Gaeilgeoiri set to draw community together

by Ian Begley
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IRISH speaking enthusiasts are planning to develop a small estate in Clondalkin, where Irish-speaking families can live and speak Irish together.
The group intends to purchase land and construct several houses in the area, based on a similar project in Belfast, which is now in its second generation. The group is not looking for funding from the Government and is willing to get mortgages for the homes.
At the November Clondalkin Area Committee meeting, Cllr Breeda Bonner (Lab) raised this proposal in a motion, where she said: “A group of Irish speakers are interested in establishing a Gaeltacht in Clondalkin. They wish to buy a site and to build houses for people whose first language is Irish.”
In his response, chief executive Daniel Mcloughlin stated: “The development of Gaeltacht regions in the county is set out in the Gaeltacht Act 2012. It sets out to designate Gaeltacht language planning areas, Gaeltacht service towns and Irish language networks.”
Cllr Bonner told the Gazette she intended to raise the motion again at the December area committee meeting as she deemed that the subject of the motion was not understood.
“I’m was not talking about trying to establish it as a Gaeltacht because that process has already come through.
“There are a group of people in the Dublin area wishing to establish a place where other Irish speakers can live beside one another and speak the language together – like a small estate. There were seminars held in Aras Chronain on this proposal and a seminar at Citywest at the end of October, and there was a huge interest there.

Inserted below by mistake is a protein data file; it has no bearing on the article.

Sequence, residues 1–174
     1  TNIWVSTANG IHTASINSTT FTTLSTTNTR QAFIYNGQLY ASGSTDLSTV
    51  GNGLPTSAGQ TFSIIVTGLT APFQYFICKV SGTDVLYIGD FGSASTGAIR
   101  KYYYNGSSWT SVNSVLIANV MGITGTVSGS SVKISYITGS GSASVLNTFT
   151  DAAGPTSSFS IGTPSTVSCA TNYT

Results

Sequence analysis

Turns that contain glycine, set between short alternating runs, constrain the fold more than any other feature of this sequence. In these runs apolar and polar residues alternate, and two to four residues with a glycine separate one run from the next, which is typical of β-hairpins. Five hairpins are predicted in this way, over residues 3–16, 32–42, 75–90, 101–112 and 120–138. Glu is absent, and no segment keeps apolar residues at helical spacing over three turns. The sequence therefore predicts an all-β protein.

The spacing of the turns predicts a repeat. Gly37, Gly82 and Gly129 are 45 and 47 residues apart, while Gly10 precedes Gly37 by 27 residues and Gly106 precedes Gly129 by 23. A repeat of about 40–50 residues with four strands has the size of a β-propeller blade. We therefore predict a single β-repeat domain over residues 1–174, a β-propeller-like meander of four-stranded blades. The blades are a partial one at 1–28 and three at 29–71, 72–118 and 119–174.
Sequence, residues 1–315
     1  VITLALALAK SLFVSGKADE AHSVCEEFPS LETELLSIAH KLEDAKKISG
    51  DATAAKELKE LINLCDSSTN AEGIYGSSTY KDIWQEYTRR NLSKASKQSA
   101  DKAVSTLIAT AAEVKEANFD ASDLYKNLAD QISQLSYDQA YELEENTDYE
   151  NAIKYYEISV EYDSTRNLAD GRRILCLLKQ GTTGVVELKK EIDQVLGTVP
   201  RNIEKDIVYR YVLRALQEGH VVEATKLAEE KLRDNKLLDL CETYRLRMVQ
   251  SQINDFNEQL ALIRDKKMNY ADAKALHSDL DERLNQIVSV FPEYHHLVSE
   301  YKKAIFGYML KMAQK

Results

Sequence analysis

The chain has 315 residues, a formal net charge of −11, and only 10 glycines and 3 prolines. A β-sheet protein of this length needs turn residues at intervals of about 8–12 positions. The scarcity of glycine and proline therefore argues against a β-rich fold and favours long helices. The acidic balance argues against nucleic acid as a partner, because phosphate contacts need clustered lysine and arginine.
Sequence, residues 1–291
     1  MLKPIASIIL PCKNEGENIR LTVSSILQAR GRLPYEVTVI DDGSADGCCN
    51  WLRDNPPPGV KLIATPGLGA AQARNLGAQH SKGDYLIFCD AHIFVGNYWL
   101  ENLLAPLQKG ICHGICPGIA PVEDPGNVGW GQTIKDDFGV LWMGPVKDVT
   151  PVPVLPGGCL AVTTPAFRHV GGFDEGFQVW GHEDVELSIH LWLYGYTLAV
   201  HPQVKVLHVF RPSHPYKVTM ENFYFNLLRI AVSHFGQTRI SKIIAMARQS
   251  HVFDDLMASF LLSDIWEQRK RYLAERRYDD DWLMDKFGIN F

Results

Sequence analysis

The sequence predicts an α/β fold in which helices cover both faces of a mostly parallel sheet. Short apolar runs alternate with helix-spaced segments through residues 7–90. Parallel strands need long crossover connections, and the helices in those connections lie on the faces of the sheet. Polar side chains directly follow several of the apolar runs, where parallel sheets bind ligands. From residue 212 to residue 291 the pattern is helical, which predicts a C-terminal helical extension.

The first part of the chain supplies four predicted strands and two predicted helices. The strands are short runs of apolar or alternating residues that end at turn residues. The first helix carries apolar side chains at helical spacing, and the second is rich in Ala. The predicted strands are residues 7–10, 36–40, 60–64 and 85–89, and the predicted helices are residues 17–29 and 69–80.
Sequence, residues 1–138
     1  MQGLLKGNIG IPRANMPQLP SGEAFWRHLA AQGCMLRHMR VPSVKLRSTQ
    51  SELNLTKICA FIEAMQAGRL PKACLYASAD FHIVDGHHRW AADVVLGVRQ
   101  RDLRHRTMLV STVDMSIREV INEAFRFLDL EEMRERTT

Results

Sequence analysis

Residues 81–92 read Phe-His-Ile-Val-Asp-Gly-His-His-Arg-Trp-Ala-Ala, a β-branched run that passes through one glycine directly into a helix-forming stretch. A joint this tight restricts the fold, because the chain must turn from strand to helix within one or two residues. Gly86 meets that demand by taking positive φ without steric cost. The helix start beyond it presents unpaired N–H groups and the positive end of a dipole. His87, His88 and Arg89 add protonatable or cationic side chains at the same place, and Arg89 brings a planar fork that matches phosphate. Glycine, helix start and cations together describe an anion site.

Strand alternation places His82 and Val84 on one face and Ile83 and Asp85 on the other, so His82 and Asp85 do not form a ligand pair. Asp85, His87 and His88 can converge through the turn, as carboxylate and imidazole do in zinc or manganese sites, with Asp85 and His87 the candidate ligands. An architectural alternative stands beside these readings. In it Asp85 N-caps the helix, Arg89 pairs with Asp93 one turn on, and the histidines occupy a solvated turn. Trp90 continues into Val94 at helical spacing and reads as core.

“There’s is a similar situation happening in Belfast where a group of people established their own housing estate, and it has gotten bigger and has survived into the second and third generation.”
Clondalkin already has an affluent Irish speaking population. About 1,500 students receive their education through Irish in the area, which boasts the Irish Cultural Centre, Aras Chronain.
Brian Gavin of Aras Chronain said the organisation was constantly trying to promote the Irish language in a vibrant and lively way.
“Aras Chronain is the headquarters of a community-based group called Muintir Chronain, which was set up in the mid-1960s. Their view initially was to set up an all-Irish school for their children in the area and then to set up a social network so that the language would be kept alive outside of the school.
“We try to keep Irish alive in a vibrant way for people with different levels of Irish. In Aras Chronain we work with all people from Clondalkin and south Dublin county and loads of other organisations. We try to actively promote the Irish language as a living language. A lot of the activities we do are based around the culture, heritage and music, which we keep alive by doing loads of different activities that happen all the time.”
For more information about the work of Aras Chronain, visit

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